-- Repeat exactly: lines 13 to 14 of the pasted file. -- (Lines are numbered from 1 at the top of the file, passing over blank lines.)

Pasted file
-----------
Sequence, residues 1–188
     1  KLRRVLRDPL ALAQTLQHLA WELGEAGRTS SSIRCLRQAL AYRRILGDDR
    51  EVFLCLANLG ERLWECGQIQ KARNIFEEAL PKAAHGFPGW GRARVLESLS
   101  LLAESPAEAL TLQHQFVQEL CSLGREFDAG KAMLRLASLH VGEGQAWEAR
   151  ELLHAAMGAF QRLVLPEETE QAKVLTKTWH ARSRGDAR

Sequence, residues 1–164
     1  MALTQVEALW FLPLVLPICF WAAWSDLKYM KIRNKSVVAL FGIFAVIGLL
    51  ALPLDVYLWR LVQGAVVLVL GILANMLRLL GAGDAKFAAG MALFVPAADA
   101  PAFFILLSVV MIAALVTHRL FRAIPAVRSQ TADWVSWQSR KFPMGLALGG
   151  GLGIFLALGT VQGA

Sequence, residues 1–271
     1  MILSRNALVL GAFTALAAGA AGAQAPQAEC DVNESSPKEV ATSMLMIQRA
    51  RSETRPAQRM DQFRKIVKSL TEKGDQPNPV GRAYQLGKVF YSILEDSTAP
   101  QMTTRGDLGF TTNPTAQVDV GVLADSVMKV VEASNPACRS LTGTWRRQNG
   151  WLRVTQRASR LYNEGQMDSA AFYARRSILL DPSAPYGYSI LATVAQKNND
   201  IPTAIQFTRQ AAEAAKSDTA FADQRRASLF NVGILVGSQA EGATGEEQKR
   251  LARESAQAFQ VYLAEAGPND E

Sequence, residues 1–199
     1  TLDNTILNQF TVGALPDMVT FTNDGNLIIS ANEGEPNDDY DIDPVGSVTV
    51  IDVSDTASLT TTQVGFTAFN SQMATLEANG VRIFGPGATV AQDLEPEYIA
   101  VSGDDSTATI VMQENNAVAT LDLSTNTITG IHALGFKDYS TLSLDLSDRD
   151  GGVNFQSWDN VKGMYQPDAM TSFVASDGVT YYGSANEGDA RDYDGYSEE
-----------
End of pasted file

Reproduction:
    51  RSETRPAQRM DQFRKIVKSL TEKGDQPNPV GRAYQLGKVF YSILEDSTAP
   101  QMTTRGDLGF TTNPTAQVDV GVLADSVMKV VEASNPACRS LTGTWRRQNG